Corcoran prisoner about changing public attitudes on prisoners & torture

Exerpted Letter from Zaharibu Dorrough (Corcoran)

Dec. 8, 2011

I honestly believe that there will not be a better time to challenge the legality of warehousing people in isolation than now.

As a result of the hunger strike and the efforts—the magnificent efforts—of people like you, the public is now aware of how their tax dollars are being wasted. …That has to be the context in which it is framed to the larger public. How their tax dollars are being wasted is the one thing that every citizen out there has in common with one another. Regardless of how they might feel about humanity of citizens in prison/isolation. Strategically that has to be the starting point for progressives to build around.

Historically, injustice has had a tremendous headstart….we are always playing catch-up, we must work that much harder to not let citizens forget. To constantly strengthen our relationships with one another.

Forging coalitions with like-minded progressives. Putting faces to the stories of torture and abuse.

There are human beings dying –being driven to suicide—as a result of the isolation that they are being subjected to. That people are being housed under such conditions would be shameful under any circumstance. That it happens in what is referred to as the world’s greatest democracy…is appalling. Conditions that are responsible for literally driving people crazy and to suicide is what isolation is intended to accomplish.

…there is still a lot of work to be done in the nation educating itself in a way that will allow us to develop the kind of strategies and tactics that will make it possible to effectively and permanently deal with the abuses and disrespecting of humanity that is an all too common part of this nation’s history. Hate and indifference (and it goes by many names: racism, sexism, homophobia, poverty, religious bigotry, classism) are the tools that are used by those in positions of authority to maintain power….

Hate and indifference is so entrenched in our cultural psyche that we actually believe that, personally and institutionally, [we can still be] fair and just. We believe this because we have never been taught or encouraged to consider that our growth and development, individually, collectively, and institutionally, has occurred within the same racist, sexist, homophobic, classist… hateful and indifferent circumstance n which we have lived. It is who and what many of us are.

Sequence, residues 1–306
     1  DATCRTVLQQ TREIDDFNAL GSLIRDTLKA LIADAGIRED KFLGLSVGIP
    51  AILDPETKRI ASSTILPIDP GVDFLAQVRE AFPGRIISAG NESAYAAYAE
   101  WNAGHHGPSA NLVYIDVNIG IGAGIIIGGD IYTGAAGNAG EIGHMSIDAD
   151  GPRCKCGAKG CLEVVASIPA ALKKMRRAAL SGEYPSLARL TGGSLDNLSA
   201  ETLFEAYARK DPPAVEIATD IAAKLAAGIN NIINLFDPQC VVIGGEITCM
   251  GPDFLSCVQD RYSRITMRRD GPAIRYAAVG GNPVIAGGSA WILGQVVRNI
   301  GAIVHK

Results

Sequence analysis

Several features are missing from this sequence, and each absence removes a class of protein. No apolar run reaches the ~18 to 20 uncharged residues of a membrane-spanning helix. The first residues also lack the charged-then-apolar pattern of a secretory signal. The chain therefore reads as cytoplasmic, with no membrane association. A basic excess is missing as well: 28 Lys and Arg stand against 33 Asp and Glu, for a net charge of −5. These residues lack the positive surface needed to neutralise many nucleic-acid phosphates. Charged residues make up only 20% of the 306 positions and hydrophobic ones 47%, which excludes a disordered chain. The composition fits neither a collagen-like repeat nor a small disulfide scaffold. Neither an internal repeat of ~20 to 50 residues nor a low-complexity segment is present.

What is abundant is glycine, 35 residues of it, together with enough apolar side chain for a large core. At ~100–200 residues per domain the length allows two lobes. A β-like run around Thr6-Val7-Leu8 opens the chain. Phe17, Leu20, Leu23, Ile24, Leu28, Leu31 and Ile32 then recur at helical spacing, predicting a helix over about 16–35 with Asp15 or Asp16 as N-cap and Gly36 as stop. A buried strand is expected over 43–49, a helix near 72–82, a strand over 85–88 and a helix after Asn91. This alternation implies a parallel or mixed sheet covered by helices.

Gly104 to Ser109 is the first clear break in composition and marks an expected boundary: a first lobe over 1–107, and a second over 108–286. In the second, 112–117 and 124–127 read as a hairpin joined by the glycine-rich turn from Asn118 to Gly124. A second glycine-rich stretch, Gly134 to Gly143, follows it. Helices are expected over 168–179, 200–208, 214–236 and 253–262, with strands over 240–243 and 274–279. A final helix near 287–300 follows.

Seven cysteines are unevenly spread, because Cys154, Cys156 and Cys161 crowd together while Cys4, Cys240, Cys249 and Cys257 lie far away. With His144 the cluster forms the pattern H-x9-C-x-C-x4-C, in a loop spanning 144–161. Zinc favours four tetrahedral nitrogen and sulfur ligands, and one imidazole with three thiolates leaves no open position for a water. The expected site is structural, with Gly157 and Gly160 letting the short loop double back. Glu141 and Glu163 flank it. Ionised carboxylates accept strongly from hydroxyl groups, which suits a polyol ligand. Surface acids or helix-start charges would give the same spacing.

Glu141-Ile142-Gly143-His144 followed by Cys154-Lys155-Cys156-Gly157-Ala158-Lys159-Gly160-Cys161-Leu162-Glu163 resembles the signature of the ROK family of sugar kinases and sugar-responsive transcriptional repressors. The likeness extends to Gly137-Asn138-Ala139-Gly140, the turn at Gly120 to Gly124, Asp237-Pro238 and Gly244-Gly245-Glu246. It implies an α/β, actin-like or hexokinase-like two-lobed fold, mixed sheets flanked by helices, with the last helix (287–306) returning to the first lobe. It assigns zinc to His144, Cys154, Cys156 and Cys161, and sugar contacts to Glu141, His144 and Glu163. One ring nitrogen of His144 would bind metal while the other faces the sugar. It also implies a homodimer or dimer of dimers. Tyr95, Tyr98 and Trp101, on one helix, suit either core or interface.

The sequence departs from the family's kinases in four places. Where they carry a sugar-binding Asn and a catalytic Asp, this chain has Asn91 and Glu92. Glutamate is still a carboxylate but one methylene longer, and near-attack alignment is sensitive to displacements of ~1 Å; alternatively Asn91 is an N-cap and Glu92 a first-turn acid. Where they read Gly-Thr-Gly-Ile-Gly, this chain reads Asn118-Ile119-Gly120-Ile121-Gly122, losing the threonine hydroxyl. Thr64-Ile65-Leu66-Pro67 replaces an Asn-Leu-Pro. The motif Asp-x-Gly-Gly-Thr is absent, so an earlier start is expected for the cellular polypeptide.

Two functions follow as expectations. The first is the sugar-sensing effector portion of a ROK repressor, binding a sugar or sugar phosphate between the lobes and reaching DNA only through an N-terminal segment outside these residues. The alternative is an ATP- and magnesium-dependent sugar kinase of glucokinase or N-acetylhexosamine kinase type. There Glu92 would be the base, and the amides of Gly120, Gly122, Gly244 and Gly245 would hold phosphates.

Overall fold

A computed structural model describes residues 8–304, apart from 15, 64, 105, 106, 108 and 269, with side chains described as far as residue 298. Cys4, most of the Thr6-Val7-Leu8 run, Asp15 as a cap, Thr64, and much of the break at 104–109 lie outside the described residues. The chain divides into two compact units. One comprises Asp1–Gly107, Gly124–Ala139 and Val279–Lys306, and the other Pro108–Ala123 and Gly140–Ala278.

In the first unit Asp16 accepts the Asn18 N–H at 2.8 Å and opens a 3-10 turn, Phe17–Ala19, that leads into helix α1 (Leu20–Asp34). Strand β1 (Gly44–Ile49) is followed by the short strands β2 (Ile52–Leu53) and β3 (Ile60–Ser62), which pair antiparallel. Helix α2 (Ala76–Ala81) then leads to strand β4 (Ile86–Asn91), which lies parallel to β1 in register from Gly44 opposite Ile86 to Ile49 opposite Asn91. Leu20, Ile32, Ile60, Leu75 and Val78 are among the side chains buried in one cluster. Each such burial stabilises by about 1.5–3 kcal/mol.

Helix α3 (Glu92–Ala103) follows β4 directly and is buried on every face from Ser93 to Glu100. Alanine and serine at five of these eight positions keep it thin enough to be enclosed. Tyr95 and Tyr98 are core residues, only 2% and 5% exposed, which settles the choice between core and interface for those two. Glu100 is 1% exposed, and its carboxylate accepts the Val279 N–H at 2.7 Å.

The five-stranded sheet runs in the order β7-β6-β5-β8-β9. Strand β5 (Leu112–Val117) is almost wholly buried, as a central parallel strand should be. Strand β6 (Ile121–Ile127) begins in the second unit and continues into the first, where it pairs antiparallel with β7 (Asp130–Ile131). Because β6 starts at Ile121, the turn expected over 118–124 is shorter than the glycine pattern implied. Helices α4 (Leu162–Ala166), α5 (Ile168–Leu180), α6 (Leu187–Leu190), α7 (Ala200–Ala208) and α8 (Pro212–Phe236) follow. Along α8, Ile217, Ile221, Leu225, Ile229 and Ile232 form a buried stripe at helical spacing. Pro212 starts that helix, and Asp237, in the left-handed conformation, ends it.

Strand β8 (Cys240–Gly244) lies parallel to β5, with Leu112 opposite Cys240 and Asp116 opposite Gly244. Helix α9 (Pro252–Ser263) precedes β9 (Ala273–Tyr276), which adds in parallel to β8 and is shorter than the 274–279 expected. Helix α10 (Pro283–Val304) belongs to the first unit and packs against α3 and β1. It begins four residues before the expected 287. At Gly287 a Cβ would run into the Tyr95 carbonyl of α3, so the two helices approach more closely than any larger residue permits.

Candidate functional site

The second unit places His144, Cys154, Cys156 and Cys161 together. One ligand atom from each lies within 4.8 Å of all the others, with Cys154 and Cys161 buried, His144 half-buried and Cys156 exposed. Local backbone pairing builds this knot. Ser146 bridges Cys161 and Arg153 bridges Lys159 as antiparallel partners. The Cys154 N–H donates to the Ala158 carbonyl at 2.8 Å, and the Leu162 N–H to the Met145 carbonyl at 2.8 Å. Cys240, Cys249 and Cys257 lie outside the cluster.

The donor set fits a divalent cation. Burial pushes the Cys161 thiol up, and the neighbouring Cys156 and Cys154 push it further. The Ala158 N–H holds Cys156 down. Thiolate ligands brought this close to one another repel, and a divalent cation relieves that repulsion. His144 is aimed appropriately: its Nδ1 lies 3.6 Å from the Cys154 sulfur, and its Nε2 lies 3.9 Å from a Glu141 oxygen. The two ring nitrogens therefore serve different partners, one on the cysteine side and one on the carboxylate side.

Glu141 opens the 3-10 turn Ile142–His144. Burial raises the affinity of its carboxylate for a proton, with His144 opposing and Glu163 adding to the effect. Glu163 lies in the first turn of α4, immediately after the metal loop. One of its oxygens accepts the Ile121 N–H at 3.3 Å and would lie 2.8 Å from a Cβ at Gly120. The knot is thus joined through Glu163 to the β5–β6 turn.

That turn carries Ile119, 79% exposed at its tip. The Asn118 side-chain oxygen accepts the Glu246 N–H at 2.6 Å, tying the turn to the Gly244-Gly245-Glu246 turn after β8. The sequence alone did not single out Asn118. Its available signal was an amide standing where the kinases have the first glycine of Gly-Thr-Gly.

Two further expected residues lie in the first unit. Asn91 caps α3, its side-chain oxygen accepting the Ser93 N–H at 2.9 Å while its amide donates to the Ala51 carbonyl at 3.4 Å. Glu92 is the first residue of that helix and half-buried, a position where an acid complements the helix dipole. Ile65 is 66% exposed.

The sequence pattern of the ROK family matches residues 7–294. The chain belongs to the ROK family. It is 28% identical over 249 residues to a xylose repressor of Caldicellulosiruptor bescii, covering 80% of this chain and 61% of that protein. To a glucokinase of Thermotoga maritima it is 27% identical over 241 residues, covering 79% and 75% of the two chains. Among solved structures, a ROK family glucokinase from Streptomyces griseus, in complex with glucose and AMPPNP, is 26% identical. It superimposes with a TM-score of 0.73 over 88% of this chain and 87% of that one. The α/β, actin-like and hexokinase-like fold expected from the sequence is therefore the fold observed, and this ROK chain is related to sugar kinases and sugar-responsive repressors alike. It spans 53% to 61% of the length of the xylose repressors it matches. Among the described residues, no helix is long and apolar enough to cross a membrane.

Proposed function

… we are taught that the beauty of the free market economy is that everyone is given equal access to the market to compete for jobs and economic prosperity. But…we compete against one another for the smallest portion of the economic pie. Hate and indifference is responsible for the fierce and extreme competition…

Torture is a form of violence that has always been used by totalitarian governments to subordinate the larger society to its will.

…In order for this to succeed, it is necessary for th larger society to be convinced that their interest and the interest of those who are in positions of power are one and the same.

Hate and indifference has robbed us of our ability to look at each other and see a reflection of ourselves. We see slave, homeless, whore, faggot, red or blue, inmate, prisoner…alien! These are a few of the objects that we designate for one another. Our silence sends a clear message of our acceptance of this.

The protests (of which the hunger strike is a part) that are taking place throughout the country and world is a demonstration that many of us are determined to not only hold onto our own humanity, but to reclaim it collectively.

We are on a course in which hate and indifference will not define who we are. …There is a renewed sense of hope. And after more than 23 years in isolation, hope is what has kept me amongst the living.

There are things that have to do with simple human honor. To resist and not surrender!


Michael (Zaharibu) Dorrough

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